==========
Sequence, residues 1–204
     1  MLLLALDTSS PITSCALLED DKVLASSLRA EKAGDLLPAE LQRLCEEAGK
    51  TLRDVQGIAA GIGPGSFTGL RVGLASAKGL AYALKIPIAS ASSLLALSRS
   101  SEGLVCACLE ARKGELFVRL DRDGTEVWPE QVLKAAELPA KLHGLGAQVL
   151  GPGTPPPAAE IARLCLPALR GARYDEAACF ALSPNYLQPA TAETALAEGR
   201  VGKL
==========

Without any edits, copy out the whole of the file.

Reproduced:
Sequence, residues 1–204
     1  MLLLALDTSS PITSCALLED DKVLASSLRA EKAGDLLPAE LQRLCEEAGK
    51  TLRDVQGIAA GIGPGSFTGL RVGLASAKGL AYALKIPIAS ASSLLALSRS
   101  SEGLVCACLE ARKGELFVRL DRDGTEVWPE QVLKAAELPA KLHGLGAQVL
   151  GPGTPPPAAE IARLCLPALR GARYDEAACF ALSPNYLQPA TAETALAEGR
   201  VGKL